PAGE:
Thursday, July 18, 2019

Rest for the weary and unclear

Contemplative prayer is always an odd occupation, and it has effects on our wider spiritual life that extend far beyond our formal times of prayer.

Robert Llewelyn, writing in With Pity, Not With Blame, quotes Edward Bouverie Pusey on distracting and unwelcome thoughts during prayer: "Do not examine yourself about these thoughts whether you consented to them or not. Do not try not to have them. Be not impatient to get rid of them; only desire that you should love God more." He (Llewelyn) goes on to say, "To suffer such thoughts patiently accepting yourself as you are, and looking in trustful surrender to God, is necessarily a humbling experience. For that very reason it is cleansing and healing."

This is a stunning realisation. All those feelings of envy or fear, those sexual fantasies, those thoughts of shopping lists or of our own tedious failings; these are not just not distractions to be fought against with gritted teeth, nor to be pushed down with a determined will, but they are capable of being used by God for our "cleansing and healing". Once again the psalmist had it spot on: "It was good for me to be afflicted so that I might learn your decrees." (Psalm 119.71)

Julian of Norwich, that wisest of women of prayer, took this a whole, almost shocking, stage further. (We sometimes forget that this revered English anchoress, counsellor of Margery Kempe and quoted by TS Eliot and Thomas Merton, was one of the most radical and daring theologians and spiritual directors of any time, not just of her own.) Robert Llewelyn (ibid.), quoting her (Revelations of Divine Love, tr. Clifton Wolters, and Julian of Norwich: Showings, tr. Edmund Colledge OSA and James Walsh SJ):
'He lays on each one he loves some particular thing, which while it carries no blame in his sight causes them to be blamed by the world, despised, scorned, mocked, and rejected.' This, she goes on to explain, is that our pride may be overcome, and that united to Christ we may be made 'humble and mild, clean and holy'. In this our suffering 'our Lord rejoices with pity and compassion', a line which must be linked with the following later in the chapter: 'For he wants us to know that it will all be turned to our honour and profit by the power of his Passion, and to know that we suffered in no way alone, but together with him, and to see in him our foundation.' Being united to Christ in his suffering is central to the whole work of redemption, and our chastisement itself 'becomes gentle and bearable when we are really content with him and with what he does...' 'What penance a man should impose upon himself was not revealed to me... but this was shown, with particular and loving emphasis, that we are to accept and endure humbly whatever penance God himself gives us with his blessed passion ever in mind.' Julian adds that while we are to recognize and accept our chastening the remedy is 'that our Lord is with us, protecting and leading us into the fullness of joy'. And so we are taken to the climax of the chapter:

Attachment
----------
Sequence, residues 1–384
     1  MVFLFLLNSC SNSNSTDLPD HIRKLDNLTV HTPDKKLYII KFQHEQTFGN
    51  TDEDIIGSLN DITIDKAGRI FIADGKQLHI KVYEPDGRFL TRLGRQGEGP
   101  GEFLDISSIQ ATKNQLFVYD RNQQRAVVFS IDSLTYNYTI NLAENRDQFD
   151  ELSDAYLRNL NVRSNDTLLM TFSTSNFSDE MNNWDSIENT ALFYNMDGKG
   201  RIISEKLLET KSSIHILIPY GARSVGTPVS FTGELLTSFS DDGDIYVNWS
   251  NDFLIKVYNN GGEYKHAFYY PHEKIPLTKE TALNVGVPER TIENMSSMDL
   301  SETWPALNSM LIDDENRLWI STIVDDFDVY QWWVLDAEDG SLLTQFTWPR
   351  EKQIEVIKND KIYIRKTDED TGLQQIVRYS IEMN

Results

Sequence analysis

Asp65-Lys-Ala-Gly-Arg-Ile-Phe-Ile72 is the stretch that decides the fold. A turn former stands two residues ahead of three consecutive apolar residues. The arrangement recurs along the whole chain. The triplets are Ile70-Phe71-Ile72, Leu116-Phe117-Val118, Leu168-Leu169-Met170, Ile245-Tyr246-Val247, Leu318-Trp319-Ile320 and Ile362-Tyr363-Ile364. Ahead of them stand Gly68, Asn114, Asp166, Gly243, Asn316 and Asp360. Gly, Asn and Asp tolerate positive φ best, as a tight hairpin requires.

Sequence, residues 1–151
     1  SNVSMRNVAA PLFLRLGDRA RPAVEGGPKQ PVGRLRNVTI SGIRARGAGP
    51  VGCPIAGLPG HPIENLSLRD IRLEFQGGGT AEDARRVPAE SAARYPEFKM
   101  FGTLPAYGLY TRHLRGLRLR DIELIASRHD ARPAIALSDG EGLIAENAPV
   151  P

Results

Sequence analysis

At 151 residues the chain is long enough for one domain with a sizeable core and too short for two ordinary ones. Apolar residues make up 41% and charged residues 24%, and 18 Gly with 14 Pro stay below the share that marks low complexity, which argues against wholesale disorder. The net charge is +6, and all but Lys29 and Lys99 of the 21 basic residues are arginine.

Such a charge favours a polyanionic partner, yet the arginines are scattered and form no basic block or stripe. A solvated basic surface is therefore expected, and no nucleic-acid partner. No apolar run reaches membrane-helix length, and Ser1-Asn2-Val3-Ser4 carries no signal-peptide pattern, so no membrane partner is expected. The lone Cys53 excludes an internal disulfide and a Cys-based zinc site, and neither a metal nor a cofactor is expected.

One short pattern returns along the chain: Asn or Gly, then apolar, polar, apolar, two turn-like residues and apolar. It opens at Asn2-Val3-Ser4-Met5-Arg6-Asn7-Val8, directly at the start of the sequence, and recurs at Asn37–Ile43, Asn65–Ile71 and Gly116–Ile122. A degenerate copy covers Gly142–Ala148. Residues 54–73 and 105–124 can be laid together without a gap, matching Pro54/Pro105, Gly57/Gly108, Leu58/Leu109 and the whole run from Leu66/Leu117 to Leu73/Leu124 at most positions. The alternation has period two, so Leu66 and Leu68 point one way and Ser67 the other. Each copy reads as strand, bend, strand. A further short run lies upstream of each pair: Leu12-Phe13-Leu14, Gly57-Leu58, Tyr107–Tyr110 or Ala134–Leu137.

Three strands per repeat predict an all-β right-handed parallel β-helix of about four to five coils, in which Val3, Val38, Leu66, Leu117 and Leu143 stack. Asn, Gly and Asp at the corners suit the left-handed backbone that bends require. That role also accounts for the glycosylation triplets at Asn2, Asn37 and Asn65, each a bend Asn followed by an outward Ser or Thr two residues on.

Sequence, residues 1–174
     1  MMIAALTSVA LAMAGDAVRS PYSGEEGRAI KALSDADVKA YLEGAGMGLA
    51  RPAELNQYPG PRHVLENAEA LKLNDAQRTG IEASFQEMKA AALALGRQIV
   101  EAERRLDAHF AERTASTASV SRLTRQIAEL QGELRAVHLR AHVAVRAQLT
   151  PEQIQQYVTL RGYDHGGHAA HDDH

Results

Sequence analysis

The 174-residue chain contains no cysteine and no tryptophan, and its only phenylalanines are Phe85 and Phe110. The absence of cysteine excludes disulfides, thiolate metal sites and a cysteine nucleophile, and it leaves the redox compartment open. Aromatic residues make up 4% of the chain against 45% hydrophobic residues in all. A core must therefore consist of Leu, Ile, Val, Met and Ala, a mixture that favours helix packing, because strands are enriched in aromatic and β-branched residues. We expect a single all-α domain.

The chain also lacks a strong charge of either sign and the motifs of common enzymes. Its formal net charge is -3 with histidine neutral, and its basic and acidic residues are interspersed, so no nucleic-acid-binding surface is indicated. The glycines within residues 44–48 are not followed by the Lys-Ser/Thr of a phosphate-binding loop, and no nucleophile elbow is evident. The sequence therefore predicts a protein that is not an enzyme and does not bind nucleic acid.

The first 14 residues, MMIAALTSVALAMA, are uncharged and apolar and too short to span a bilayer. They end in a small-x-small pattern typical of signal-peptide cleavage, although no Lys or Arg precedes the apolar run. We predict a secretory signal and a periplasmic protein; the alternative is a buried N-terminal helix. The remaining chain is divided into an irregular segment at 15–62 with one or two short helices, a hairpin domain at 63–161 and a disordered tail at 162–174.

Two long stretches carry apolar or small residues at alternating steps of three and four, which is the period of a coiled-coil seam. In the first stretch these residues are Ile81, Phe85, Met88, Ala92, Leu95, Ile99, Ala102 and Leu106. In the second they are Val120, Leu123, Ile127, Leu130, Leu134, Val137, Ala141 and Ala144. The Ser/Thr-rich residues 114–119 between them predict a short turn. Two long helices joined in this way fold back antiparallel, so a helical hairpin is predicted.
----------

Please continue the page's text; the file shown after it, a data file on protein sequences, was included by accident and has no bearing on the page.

'Flee to our Lord and we shall be comforted. Touch him and we shall be made clean. Cling to him and we shall be safe and sound from every kind of danger. For our courteous Lord wills that we should be as at home with him as heart may think or soul may desire.'
If I look back over my own life, with its at times catastrophic (at least from the world's perspective) stumblings and missteps, its meanderings and its outright sins, I can see the precision of Julians insights here. These words, which I first read many years ago, but which I have only gradually come to understand in part, transform everything.